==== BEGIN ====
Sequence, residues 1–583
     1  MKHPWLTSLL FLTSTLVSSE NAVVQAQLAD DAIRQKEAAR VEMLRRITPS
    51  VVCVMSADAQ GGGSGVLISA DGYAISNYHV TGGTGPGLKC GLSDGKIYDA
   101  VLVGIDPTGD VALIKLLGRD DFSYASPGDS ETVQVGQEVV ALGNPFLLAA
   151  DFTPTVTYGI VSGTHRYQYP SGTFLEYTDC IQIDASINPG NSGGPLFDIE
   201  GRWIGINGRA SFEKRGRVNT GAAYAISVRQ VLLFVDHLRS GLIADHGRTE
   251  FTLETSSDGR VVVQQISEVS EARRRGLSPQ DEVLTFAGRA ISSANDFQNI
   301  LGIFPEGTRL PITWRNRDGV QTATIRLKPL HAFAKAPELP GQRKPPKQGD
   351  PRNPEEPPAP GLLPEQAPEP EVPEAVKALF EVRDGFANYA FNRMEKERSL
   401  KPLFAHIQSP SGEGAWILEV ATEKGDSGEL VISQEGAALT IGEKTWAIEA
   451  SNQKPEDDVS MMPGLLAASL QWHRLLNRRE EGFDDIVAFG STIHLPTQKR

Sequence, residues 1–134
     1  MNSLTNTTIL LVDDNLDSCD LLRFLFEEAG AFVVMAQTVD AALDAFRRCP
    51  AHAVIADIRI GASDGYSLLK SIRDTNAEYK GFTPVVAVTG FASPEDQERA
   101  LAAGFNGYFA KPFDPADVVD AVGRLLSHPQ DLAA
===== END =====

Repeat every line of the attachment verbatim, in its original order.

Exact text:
Sequence, residues 1–583
     1  MKHPWLTSLL FLTSTLVSSE NAVVQAQLAD DAIRQKEAAR VEMLRRITPS
    51  VVCVMSADAQ GGGSGVLISA DGYAISNYHV TGGTGPGLKC GLSDGKIYDA
   101  VLVGIDPTGD VALIKLLGRD DFSYASPGDS ETVQVGQEVV ALGNPFLLAA
   151  DFTPTVTYGI VSGTHRYQYP SGTFLEYTDC IQIDASINPG NSGGPLFDIE
   201  GRWIGINGRA SFEKRGRVNT GAAYAISVRQ VLLFVDHLRS GLIADHGRTE
   251  FTLETSSDGR VVVQQISEVS EARRRGLSPQ DEVLTFAGRA ISSANDFQNI
   301  LGIFPEGTRL PITWRNRDGV QTATIRLKPL HAFAKAPELP GQRKPPKQGD
   351  PRNPEEPPAP GLLPEQAPEP EVPEAVKALF EVRDGFANYA FNRMEKERSL
   401  KPLFAHIQSP SGEGAWILEV ATEKGDSGEL VISQEGAALT IGEKTWAIEA
   451  SNQKPEDDVS MMPGLLAASL QWHRLLNRRE EGFDDIVAFG STIHLPTQKR

Sequence, residues 1–134
     1  MNSLTNTTIL LVDDNLDSCD LLRFLFEEAG AFVVMAQTVD AALDAFRRCP
    51  AHAVIADIRI GASDGYSLLK SIRDTNAEYK GFTPVVAVTG FASPEDQERA
   101  LAAGFNGYFA KPFDPADVVD AVGRLLSHPQ DLAA